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Postby panostalos » Mon Sep 22, 2014 10:02 pm

Cant see why you don't fancy the drive. Its easy, plan, take your time and enjoy some great roads and scenery. Have done it a number of times and really enjoy the freedom of little traffic. Friendly people and for a change clean helpful service stations/stops.

filippos
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Postby filippos » Mon Sep 22, 2014 10:22 pm

Go along with that. Our first road trip was 2004 from Crete. From Ancona went up Italian east coast then cut across to Alessandria for an overnight stop. Next day over the Italian/French Alps before a 10 days saunter to Calais, stopping overnight in French villages or small towns when we fancied the look of them.

Often stopped around 4:30, freshened up then strolled round to find somewhere to eat. Next morning took another look around before hitting the road at, maybe 11:00. Three days in Paris then headed north, taking 2-3 days to the Channel. Very relaxing and enjoyable.

We avoided the toll roads, preferring the almost empty main roads that run more or less parallel with the M-ways: easy to find little cafés and restaurants. What's not to enjoy?

Brian c
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Joined: Sun Jan 25, 2009 5:18 pm
Location: scotland

Postby Brian c » Mon Sep 22, 2014 10:38 pm

OK I'm still learning but my understanding is with the dogs jags etc I need to do the journey within 5 days .... possibly more research required?
dont sweat the small things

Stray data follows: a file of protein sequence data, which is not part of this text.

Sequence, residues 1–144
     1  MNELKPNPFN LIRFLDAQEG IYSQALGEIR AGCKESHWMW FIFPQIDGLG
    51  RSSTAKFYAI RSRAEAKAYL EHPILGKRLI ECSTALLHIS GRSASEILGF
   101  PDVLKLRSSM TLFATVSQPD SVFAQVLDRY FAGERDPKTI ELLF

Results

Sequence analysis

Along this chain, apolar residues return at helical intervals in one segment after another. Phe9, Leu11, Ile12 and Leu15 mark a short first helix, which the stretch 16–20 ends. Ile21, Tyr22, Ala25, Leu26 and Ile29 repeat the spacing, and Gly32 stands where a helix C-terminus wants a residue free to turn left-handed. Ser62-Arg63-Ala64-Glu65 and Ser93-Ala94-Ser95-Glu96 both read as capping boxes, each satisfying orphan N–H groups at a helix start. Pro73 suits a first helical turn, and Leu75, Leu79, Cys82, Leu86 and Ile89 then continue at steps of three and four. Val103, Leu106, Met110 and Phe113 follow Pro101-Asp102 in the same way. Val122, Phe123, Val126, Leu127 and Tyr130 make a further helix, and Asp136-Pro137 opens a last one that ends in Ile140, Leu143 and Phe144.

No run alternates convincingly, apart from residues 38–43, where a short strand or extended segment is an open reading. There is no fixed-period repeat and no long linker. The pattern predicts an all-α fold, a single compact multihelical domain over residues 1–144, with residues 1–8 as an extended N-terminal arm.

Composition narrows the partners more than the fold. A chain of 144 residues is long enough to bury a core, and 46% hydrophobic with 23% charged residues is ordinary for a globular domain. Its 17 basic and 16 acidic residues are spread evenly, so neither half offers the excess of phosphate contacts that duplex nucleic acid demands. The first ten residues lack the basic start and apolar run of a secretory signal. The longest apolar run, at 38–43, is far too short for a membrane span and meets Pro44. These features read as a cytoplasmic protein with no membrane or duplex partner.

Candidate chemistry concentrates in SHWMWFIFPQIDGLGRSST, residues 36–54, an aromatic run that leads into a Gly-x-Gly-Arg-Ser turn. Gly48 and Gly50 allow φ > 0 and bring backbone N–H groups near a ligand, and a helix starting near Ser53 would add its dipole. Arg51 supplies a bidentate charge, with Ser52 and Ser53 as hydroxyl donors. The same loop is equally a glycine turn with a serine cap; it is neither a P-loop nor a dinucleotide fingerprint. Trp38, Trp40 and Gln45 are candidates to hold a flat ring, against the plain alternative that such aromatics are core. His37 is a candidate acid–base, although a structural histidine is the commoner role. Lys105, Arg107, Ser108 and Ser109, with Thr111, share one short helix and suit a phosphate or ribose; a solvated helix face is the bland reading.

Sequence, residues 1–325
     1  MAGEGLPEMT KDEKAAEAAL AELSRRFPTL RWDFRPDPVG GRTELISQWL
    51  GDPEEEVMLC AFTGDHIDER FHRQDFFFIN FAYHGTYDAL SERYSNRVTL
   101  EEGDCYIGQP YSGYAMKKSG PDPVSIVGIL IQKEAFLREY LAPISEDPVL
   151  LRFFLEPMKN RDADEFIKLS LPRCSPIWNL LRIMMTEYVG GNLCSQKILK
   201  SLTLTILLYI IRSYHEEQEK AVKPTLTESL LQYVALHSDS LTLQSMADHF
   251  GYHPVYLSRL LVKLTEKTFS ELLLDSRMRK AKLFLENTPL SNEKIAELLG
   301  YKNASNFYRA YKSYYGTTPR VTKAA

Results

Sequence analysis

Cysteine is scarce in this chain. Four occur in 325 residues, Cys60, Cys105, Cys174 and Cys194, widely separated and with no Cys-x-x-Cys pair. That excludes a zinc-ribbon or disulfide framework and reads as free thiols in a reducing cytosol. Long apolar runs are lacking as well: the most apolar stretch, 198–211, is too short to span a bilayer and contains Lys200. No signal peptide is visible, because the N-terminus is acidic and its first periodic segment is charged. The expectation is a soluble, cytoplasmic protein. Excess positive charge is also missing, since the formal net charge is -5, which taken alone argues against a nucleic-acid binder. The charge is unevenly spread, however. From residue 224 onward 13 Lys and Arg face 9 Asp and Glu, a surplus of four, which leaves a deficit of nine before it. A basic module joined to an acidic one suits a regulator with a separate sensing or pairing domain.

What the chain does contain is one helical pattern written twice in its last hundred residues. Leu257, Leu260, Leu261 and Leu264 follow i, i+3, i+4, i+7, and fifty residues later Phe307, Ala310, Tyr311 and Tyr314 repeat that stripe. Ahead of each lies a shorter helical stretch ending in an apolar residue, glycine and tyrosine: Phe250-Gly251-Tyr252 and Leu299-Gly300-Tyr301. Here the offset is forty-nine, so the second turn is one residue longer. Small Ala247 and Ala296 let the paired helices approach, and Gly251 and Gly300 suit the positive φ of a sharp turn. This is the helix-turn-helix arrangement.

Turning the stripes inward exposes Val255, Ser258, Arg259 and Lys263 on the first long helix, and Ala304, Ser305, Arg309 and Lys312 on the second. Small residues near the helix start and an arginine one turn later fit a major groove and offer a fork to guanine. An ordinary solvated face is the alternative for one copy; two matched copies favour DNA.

Kilkis
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Location: Near Chania

Postby Kilkis » Mon Sep 22, 2014 10:50 pm

It's only five days from getting the worming to entering Greece not to arriving in Crete. That's not a problem. If you really want to you can leave the UK and be on the ferry to Greece in two days. In any case, if the worst came to the worst, you would only need to find a vet near the port in Italy, administer another dose of worming and then wait 24 hours, so not such a big deal.

Warwick

Hameziman
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Postby Hameziman » Tue Sep 23, 2014 10:54 am

As I wrote earlier. We have never been checked by any one bringing our dog into Greece.; only returning to UK where worming is checked. I don't think "tick" treatment is mandatory now either. Our Sitia vet administers the worming treatment the day we leave which gives us ample time to get to Calais where the dog's chip and passport is checked. You have five days between the time of administering to time of embarkation in Calais - not arrival in Dover. Certainly not checked on exiting Greece on the way home and never on the way out. Look at the DEFRA site for up to date regs. It is certainly worth having the chip checked just before you leave UK as they can migrate to other parts of the body - no evidence of a chip and the whole procedure begins again. Only one month to wait now for rabies antibodies to show - not the six months it once was. That's one month after the test result is to hand I believe. Always best to check with DEFRA. We've been doing this now for nine years and will say again - never checked by any authority on the way out, but it's mandatory on the way back.

Maud
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Joined: Thu Mar 07, 2013 10:46 pm
Location: S.W. England/ S.W. Crete.

Postby Maud » Tue Sep 23, 2014 4:08 pm

Hello Brian, I have sent you a p.m.

Maud.